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Allonge Re Proof of Ownership

Allonge Re Proof of Ownership

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Published by: walkingtruth on Sep 16, 2010
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Allonge (n)- A clever way for pretender lenders to fabricate “proof” of ownership in order to foreclose
March 17th, 2010 · 2 Comments · Foreclosure Below are excerpts from my memorandum which addresses the problems with Allonges in foreclosure actions. It is a work in progress, but my comprehensive research reveals that there are very real questions about whether an allonge (as opposed to an endorsement) can be used to evidence ownership of a note when a Plaintiff is trying to foreclose. It is published here in draft form…I seek comments and input from all interested parties. We are learning from depositions that the primary reason lenders are using allonges over endorsements is because they can prepare an allonge and affix it to the note later without having to get possession of the actual note…a practice in conflict with the very purpose of an endorsement/allonge. Read on, reply and tear this apart people….let me know what you think. According to the only Florida appellate case which deals with these ancient instruments, “[a]n allonge is a piece of paper annexed to a negotiable instrument or promissory note, on which to write endorsements for which there is no room on the instrument itself. Such must be so firmly affixed thereto as to become a part thereof.” Booker v. Sarasota, Inc., 707 So. 2d 886 (Fla 1st DCA 1998). See also U.S. Bank National Association v. Weigand, 2009 WL 1623764 (Conn. Super. 2009); P&B Properties I, LLC v. Owens, 1996 WL 111128 (Del. Super. 1996). Furthermore, while “Florida’s Uniform Commercial Code does not specifically mention an allonge, [the Code] notes that ‘for purposes of determining whether a signature is made on an instrument, a paper affixed to the instrument is made part of the instrument.’ Fla. Stat. §673.2041(1) (1995).” Booker, 707 So. 2d at 886 (Fla. 1st DCA 1998). LEGAL MEMORANDUM IN SUPPORT OF DEFENDANT’S ARGUMENT I. Plaintiff’s Complaint Should Be Dismissed for Failure to be Prosecuted in the Name of the Real Party in Interest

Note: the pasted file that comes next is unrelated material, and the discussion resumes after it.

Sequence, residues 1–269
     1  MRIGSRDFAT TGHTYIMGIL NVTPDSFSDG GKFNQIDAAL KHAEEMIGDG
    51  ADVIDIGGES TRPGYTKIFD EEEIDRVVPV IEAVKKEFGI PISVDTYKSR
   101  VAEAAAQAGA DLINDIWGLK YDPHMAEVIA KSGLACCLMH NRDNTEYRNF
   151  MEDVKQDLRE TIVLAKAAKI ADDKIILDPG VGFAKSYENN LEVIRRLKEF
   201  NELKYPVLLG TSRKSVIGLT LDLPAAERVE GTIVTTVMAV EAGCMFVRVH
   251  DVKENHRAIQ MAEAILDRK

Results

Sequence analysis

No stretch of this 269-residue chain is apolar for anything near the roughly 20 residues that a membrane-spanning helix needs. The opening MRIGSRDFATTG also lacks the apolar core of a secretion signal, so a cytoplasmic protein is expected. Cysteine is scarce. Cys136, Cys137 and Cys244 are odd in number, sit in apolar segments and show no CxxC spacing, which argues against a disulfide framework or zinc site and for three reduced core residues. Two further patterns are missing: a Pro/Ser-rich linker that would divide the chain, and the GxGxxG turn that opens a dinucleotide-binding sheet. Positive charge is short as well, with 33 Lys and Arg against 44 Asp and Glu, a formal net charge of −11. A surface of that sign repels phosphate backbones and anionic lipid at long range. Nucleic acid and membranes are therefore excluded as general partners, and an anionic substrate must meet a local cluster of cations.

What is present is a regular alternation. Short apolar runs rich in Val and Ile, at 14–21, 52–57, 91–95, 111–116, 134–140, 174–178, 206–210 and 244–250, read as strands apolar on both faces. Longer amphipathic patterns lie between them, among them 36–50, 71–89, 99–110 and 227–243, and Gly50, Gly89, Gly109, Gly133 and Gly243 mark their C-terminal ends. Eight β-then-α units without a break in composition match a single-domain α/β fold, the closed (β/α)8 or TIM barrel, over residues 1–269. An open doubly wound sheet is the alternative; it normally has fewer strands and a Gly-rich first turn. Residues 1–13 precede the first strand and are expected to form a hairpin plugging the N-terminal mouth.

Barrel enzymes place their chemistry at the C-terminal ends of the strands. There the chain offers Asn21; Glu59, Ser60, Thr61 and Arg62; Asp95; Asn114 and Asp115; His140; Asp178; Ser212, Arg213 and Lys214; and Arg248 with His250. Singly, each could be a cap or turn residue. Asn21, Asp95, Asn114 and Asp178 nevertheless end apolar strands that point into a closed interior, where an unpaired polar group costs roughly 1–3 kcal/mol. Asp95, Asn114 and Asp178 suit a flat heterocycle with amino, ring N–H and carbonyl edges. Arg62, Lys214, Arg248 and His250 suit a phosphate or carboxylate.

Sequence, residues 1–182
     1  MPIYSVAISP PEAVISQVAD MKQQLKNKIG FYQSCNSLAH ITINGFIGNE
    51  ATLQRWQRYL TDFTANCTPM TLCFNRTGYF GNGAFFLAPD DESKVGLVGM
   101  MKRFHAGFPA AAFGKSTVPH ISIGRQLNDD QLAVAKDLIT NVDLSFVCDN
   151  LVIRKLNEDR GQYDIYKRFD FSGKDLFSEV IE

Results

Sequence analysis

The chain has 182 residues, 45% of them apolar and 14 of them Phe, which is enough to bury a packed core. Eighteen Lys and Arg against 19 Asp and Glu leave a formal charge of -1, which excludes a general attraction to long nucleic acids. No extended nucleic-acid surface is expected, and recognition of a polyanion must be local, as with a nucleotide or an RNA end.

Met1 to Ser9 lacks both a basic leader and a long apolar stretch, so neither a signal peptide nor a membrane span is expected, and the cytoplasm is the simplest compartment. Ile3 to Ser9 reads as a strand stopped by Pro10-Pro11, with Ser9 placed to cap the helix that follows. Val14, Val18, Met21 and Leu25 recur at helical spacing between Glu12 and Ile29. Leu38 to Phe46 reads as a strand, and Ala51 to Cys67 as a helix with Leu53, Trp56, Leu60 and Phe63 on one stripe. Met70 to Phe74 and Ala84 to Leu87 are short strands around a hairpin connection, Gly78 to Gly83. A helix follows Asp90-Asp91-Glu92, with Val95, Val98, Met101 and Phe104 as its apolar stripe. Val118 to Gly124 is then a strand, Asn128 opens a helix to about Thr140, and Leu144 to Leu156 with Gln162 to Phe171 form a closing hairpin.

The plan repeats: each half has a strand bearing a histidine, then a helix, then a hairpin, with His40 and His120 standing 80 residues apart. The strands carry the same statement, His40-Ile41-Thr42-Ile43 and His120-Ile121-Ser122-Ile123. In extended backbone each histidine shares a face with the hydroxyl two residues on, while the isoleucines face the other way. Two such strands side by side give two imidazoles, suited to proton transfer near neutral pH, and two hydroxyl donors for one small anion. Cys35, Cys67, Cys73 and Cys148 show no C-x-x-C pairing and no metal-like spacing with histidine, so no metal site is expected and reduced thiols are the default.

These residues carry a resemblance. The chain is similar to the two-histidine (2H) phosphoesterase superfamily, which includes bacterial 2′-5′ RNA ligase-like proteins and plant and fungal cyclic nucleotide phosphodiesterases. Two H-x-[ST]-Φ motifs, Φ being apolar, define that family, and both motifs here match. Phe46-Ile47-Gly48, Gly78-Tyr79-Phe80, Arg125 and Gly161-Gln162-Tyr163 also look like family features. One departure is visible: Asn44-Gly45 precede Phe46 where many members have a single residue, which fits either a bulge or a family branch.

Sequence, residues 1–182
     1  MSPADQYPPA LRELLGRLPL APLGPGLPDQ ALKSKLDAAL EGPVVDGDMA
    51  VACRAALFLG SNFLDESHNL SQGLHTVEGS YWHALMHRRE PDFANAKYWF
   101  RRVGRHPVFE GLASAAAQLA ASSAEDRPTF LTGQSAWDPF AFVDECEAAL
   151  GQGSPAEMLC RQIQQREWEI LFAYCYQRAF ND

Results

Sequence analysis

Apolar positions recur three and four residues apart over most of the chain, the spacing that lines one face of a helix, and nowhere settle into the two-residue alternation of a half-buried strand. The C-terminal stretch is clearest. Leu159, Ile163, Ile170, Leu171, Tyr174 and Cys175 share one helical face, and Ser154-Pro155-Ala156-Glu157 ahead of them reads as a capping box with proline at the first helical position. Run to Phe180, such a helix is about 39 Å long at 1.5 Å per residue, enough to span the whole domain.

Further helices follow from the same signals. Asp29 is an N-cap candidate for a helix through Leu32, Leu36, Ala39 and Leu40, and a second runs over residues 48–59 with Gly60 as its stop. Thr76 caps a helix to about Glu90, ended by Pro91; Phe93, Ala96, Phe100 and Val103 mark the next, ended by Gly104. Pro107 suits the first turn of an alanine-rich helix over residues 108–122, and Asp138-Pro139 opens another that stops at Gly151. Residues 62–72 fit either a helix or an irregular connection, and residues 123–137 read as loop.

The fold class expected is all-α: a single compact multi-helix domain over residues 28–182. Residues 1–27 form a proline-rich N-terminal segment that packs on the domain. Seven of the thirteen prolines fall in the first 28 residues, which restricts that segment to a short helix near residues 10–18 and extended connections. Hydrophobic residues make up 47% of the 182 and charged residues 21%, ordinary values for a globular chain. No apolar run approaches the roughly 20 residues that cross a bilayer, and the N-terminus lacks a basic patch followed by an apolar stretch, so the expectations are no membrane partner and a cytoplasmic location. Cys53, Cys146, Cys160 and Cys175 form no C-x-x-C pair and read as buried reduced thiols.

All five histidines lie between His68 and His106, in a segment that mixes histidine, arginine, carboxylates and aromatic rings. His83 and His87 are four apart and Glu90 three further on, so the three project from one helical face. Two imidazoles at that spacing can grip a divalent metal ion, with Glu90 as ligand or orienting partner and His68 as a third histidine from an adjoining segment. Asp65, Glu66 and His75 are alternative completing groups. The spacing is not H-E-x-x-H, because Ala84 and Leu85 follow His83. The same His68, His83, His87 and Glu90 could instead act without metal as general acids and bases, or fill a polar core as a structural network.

1. a. Legal Standards

Fla. R. Civ. P. 1.210(a) provides, in pertinent part, that “[e]very action may be prosecuted in the name of the real party in interest, but a personal representative, administrator, guardian, trustee of an express trust, a party with whom or in whose name a contract has been made for the benefit of another, or a party expressly authorized by statute may sue in that person’s own name without joining the party for whose benefit the action is brought.” Recently, the Second District held that Plaintiffs in foreclosure actions are required to establish, through admissible evidence, that it held the note and mortgage in question and so had standing to foreclose the mortgage before it would be entitled to summary judgment in its favor. BAC Funding v. Jean-Jacques, 2010 WL 476641 (Fla. 2d DCA 2010). Furthermore, the Second